for the help with my questions. It is nice to finally find somewhere that people discuss the RL.
  • marsha7marsha7 Posts: 3,670
    if your proposed changes are really what the new RL would be, and add AWD, then my "need" for a Jaguar XJ8L or a MB E430 4motion would evaporate, as the Acura would be the car for the next 10 years, in addition, of course, to my "gas guzzling, environment-killing, risk transferring, pollution belching, baby-killing SUV and pickup truck," when I finally obtain them...:):):)

    Bob
  • retnavretnav Posts: 25
    Because of what appears to be an ever decreasing used car valuation I am investigating moving to a Mercedes Benz E-320. Do we have any former MB owners who have moved to RL who will give a comparison evaluation? When I asked this question on the MB board I got few replies, but one said the main difference is the German vs the Japanese ride. I test drove one new E-320 and there is a difference, the 320 seemed heavier though the specs indicate the RL to be heavier. How about rear wheel drive. Any advantages? Appreciate your comments.
  • Retnav,

    You're really talking about 2 entirely different cars and the way they are designed. I have a 2000 Acura RL and a 1998 MB E320. You are absolutely right about resale value. There is no way that the MB will depreciate as quickly as the Acura. You're going to pay about 15-20K more for the MB though (for the E320 not the E500). The Acura is more of a cruising car. It is heavier, has a longer wheelbase, and both steering and suspension are toned down to reflect this type of ride.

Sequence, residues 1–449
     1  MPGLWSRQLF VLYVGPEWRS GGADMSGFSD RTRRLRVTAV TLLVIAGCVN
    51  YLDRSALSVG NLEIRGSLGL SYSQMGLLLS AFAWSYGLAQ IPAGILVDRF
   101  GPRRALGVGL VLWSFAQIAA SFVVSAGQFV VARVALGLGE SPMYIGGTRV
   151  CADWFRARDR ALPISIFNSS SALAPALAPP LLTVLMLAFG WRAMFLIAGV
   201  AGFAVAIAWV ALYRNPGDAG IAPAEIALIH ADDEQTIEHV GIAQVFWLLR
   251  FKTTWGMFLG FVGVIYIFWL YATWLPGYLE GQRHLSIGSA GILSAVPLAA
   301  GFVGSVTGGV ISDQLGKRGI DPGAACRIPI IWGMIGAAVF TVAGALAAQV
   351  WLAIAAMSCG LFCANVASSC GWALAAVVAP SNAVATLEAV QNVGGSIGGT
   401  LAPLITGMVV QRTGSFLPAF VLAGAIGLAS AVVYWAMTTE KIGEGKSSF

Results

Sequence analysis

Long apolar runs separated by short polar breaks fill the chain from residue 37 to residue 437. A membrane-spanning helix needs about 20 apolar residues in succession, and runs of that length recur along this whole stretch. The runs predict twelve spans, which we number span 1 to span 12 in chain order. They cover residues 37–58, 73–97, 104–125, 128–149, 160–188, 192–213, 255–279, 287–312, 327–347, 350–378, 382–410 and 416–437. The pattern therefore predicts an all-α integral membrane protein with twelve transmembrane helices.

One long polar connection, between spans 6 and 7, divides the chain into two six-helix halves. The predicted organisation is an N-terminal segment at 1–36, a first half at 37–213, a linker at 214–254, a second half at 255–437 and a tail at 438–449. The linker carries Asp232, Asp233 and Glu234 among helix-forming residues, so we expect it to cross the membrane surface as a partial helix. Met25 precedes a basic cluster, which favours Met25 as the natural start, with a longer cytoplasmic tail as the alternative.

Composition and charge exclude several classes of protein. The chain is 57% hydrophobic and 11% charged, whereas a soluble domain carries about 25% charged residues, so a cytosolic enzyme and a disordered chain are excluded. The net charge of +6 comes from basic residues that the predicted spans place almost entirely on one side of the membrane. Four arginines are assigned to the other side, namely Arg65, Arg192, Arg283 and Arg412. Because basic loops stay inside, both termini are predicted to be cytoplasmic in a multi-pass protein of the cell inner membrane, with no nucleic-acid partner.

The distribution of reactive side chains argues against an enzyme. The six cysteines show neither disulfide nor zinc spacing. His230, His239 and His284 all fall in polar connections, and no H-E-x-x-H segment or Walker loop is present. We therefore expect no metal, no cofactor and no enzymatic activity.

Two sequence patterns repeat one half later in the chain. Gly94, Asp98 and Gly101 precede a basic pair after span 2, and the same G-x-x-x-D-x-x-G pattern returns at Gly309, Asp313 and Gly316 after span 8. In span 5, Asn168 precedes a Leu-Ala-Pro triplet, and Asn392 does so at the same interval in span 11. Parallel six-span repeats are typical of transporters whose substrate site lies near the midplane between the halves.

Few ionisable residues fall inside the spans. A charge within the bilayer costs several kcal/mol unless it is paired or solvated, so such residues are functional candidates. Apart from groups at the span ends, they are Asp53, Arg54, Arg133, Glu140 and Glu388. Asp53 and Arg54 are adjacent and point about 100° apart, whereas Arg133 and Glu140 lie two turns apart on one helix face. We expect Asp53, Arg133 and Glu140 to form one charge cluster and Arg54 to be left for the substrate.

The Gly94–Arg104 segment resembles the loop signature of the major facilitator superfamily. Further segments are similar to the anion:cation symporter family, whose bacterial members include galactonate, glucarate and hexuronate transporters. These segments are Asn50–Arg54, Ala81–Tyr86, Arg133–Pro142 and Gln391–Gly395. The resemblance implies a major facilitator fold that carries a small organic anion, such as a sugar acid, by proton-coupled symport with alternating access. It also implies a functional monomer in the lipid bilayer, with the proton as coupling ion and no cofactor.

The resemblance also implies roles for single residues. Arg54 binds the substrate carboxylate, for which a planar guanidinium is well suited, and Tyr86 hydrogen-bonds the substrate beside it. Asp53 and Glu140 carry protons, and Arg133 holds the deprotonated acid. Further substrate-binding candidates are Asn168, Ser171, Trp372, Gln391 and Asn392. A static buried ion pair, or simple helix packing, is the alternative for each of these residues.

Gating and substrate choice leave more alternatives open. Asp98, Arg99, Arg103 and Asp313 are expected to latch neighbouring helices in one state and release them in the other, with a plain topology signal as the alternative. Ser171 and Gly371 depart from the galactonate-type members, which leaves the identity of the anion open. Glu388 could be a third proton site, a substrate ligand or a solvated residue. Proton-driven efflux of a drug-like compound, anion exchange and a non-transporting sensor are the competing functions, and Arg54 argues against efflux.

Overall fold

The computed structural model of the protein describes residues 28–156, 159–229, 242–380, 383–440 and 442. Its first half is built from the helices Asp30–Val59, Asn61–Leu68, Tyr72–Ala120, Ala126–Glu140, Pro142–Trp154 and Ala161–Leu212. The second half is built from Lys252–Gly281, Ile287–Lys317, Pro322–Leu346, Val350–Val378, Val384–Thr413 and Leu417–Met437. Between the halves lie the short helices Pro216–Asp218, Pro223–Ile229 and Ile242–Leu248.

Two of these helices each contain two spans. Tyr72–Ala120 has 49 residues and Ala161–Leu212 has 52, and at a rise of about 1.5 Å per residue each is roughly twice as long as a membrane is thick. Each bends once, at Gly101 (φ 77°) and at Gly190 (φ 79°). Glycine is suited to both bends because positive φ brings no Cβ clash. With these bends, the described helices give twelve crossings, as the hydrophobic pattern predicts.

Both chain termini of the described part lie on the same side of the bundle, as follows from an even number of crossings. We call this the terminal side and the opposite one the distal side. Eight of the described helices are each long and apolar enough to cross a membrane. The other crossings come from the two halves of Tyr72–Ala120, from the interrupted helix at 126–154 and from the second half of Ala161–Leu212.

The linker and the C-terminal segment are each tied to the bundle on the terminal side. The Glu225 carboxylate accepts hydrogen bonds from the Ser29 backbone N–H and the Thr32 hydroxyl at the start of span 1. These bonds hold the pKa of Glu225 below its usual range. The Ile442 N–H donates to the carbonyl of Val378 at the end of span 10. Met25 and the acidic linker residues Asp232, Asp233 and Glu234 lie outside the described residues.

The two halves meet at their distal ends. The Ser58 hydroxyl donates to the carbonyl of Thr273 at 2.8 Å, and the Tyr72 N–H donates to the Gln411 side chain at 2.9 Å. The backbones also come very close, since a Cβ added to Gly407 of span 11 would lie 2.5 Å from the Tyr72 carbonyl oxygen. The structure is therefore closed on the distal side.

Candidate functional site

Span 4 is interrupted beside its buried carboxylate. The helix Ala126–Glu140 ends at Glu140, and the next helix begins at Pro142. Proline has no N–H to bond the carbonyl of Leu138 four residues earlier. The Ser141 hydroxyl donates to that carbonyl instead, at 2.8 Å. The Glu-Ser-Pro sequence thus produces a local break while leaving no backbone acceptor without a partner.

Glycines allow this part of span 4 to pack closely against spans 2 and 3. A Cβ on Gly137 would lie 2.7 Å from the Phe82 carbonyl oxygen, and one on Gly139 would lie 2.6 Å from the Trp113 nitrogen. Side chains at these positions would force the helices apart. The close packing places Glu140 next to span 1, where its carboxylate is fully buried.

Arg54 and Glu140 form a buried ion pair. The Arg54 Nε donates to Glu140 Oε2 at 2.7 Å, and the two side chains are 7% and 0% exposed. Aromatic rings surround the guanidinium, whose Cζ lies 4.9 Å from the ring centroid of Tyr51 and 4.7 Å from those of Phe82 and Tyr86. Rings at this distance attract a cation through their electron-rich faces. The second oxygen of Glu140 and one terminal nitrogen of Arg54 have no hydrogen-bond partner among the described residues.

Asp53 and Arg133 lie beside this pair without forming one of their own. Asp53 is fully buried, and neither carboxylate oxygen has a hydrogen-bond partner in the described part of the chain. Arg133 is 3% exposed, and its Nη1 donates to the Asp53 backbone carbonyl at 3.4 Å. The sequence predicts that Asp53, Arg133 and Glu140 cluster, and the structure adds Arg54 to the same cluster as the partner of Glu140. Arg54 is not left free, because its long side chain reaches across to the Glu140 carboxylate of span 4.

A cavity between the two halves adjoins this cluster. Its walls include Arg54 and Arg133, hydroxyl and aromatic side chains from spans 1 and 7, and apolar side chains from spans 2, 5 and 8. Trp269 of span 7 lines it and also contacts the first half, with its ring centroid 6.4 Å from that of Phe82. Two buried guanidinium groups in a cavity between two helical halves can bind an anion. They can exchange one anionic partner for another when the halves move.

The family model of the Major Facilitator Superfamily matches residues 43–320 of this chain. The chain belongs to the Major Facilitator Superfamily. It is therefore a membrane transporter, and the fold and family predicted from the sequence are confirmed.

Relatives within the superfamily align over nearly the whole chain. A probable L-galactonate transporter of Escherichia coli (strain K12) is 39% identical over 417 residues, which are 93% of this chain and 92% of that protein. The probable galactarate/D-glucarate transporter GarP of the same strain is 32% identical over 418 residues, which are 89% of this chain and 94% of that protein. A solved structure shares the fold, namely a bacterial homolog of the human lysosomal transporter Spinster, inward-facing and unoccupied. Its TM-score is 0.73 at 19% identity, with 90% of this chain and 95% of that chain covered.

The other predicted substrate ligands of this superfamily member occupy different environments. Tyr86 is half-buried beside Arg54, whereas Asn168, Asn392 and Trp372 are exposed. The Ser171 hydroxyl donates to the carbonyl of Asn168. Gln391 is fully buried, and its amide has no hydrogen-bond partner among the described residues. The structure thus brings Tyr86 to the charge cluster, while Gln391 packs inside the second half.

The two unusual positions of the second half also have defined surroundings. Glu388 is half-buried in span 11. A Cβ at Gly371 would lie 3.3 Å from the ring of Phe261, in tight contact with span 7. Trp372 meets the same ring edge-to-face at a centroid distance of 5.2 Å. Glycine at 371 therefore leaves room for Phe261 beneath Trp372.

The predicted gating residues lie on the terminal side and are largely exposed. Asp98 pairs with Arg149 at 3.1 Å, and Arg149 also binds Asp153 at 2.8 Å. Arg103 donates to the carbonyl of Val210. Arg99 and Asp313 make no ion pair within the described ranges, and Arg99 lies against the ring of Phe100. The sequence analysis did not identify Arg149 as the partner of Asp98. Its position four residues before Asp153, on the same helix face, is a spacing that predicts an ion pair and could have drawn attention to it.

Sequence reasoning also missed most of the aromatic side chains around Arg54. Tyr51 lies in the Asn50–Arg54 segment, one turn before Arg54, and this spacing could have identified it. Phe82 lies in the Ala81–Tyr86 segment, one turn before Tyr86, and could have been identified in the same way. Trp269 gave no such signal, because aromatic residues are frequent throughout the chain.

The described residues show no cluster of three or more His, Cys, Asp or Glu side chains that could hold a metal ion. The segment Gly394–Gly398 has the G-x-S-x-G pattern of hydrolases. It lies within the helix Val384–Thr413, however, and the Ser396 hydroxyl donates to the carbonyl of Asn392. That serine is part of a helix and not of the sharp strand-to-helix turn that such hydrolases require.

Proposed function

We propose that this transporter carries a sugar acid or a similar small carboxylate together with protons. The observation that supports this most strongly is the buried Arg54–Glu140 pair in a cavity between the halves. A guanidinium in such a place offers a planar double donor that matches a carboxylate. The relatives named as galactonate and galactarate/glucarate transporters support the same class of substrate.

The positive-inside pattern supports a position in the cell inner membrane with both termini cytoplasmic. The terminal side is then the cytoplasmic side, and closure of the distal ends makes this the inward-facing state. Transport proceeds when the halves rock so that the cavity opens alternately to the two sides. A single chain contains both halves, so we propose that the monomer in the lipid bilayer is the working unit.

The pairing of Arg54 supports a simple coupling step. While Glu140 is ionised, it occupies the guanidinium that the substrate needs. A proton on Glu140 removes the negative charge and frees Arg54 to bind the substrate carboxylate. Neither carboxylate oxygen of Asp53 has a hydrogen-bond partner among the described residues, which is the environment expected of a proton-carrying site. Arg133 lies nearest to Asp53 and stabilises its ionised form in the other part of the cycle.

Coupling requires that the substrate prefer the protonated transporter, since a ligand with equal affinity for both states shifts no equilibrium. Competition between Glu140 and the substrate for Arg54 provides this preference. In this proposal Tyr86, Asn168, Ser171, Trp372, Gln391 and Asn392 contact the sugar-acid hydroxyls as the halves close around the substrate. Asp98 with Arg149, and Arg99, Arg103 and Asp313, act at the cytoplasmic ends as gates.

The E-series, even in the 320, is a sport sedan. It is far quicker, more responsive, tighter in ride, and fast. The E feels more solid even though it is the lighter of the 2 cars. It rides like it is on rails. It is by far the best car I have ever owned. I don't know what they do at MB, but I hope they keep doing it.
    The RL is a great car. You just have to realize the difference in design, and the ultimate end result of the product that Honda makes. I have owned several Honda products. They last, they are reliable, and they are generally affordable. I think the RL is a bit overpriced, even though it is wonderfully appointed. Mid to low 30's would be where I would put it to be more competitive in the luxury sedan market. Resale is not great. Buy this car and keep it. Don't sell it in a couple of years. The RL has lost many sales to MB, BMW, Infiniti, etc. because Honda really doesn't know what it wants this car to be. It's their flagship, yet it doesn't have their best engine (V-Tech). It's heavy, and it doesn't have a V-8. It could be better insulated to road noise. I have had some rattles and I also have a cold start problem that seems to be getting better with new plugs. It is a very, very comfortable car that I spend lots of time in.